Tech innovations, too, may soon make initiatives like Amazon’s Stall Mall sound less silly. Over the past few years, technology researchers from various camps have been trying to figure out how to generate lots of revenue from bathroom time.

According to an ExtremeTech article, The New York Times Research & Development Lab was working on using a Kinect camera to allow people to surf the web and click on advertisements from their bathroom mirrors. Gizmag reports that researchers from the Koike Laboratory at Tokyo’s University of Electro-Communications have created an "Aquatop" display, which allows users to interact online with a display that projects onto a body of water — as in bathwater.

Will the Stall Mall be a success for Amazon and will we see similar initiatives from others? Does the potential to reach consumers in bathrooms offer opportunities beyond the sale of household items?

Please practice The RetailWire Golden Rule when submitting your comments.

Join the Discussion!

14 Comments on "Is the bathroom Amazon’s next frontier?"


Sort by:   newest | oldest | most voted
Max Goldberg
Guest
7 years 4 months ago

Whether or not it is a success, I have to salute Amazon for innovation. Few companies, other than Google, are willing to consistently try new ideas, some of which will yield sales and profits.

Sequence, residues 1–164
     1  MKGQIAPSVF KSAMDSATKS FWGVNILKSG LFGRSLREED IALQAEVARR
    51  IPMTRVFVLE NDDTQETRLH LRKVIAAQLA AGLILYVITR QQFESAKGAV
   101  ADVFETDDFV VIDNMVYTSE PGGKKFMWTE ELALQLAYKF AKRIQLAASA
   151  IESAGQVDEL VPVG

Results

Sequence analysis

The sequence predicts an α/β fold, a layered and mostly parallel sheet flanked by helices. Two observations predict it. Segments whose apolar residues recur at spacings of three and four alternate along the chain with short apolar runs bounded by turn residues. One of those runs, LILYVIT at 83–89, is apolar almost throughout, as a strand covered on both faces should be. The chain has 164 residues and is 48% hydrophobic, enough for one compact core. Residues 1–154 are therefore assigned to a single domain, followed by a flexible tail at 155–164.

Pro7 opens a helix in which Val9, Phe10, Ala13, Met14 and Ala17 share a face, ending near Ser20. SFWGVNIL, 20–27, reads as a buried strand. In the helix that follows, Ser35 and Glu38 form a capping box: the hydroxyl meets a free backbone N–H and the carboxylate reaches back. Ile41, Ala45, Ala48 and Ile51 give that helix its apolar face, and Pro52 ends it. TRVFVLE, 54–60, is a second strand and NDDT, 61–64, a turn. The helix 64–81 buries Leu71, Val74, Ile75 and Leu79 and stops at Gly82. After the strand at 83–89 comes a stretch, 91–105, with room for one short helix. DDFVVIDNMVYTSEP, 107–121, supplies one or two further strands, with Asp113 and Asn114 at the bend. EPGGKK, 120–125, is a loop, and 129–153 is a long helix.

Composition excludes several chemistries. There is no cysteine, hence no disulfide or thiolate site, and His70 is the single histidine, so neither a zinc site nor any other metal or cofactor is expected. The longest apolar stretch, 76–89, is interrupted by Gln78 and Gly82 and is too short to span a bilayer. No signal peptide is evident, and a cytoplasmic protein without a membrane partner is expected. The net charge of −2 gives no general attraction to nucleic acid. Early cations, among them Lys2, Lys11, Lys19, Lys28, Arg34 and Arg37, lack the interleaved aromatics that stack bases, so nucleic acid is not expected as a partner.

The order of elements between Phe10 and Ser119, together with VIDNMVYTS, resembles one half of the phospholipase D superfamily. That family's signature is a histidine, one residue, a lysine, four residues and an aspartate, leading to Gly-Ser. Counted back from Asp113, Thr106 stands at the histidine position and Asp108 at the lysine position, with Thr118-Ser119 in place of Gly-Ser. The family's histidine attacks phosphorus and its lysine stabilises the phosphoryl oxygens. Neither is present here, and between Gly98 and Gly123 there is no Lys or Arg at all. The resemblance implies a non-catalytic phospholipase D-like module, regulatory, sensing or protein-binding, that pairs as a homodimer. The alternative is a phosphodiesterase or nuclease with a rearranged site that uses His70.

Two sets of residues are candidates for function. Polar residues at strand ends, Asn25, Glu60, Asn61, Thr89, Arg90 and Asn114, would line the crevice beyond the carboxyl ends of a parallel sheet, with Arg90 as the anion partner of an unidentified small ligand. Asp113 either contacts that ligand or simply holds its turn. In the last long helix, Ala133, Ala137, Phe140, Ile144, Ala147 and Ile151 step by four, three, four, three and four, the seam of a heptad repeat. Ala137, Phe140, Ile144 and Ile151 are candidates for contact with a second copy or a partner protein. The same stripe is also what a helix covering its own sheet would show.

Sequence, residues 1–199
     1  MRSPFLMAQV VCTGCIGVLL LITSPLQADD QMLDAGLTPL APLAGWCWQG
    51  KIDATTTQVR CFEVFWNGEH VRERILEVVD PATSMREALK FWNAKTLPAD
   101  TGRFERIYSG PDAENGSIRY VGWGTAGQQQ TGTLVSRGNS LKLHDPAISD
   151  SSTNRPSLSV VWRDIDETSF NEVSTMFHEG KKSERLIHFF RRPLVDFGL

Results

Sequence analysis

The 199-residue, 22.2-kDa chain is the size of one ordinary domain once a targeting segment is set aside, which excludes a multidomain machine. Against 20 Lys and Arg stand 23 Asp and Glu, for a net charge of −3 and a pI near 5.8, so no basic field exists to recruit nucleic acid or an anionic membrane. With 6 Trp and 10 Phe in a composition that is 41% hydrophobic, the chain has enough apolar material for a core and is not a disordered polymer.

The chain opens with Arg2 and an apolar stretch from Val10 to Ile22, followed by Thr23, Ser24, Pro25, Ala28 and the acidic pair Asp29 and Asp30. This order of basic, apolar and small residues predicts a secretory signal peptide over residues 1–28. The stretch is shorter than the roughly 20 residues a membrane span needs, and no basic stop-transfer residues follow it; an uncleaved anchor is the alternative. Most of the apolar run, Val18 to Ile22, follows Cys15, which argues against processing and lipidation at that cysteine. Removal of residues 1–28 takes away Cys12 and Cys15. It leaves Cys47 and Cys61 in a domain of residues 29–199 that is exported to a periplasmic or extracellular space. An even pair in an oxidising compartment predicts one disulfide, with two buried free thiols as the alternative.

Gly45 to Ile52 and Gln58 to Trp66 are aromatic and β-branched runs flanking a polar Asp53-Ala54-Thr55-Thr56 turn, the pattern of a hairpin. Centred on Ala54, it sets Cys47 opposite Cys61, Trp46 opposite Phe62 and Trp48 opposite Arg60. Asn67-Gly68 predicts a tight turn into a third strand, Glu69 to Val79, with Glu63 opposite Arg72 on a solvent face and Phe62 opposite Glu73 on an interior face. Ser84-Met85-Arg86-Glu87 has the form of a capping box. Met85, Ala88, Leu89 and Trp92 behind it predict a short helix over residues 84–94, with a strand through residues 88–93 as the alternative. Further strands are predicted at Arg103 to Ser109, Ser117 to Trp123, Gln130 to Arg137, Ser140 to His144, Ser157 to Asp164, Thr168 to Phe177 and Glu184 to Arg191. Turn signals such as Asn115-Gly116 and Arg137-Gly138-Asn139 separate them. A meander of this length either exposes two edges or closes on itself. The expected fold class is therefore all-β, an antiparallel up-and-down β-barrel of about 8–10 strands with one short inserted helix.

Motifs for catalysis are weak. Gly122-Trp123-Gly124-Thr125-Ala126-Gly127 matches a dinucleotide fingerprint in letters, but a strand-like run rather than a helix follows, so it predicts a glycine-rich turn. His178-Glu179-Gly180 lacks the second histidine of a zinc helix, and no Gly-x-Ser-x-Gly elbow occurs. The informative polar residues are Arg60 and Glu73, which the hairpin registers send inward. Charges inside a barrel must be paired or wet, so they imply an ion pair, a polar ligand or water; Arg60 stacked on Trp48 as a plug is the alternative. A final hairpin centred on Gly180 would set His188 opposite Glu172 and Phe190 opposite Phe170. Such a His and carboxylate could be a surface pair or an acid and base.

If consumers like to spend their toilet time doing other things, why not scan a bar code for instant savings? Many men’s rooms have been posting newspapers and sports headlines for years. With the rise of portable devices why waste an opportunity to get some shopping done?

Nikki Baird
Guest
Nikki Baird
7 years 4 months ago

Oh, it’s cute, I guess. And annoying (have we learned nothing about how consumers are managing to avoid and ignore interruption marketing?). And unsanitary! Do people really use their mobile phones in stalls? I’m waiting for the kid’s science fair project that shows how much bacteria live on mobile phones before we have an end to that practice—and the advertising that goes with it.

Liz Crawford
Guest
7 years 4 months ago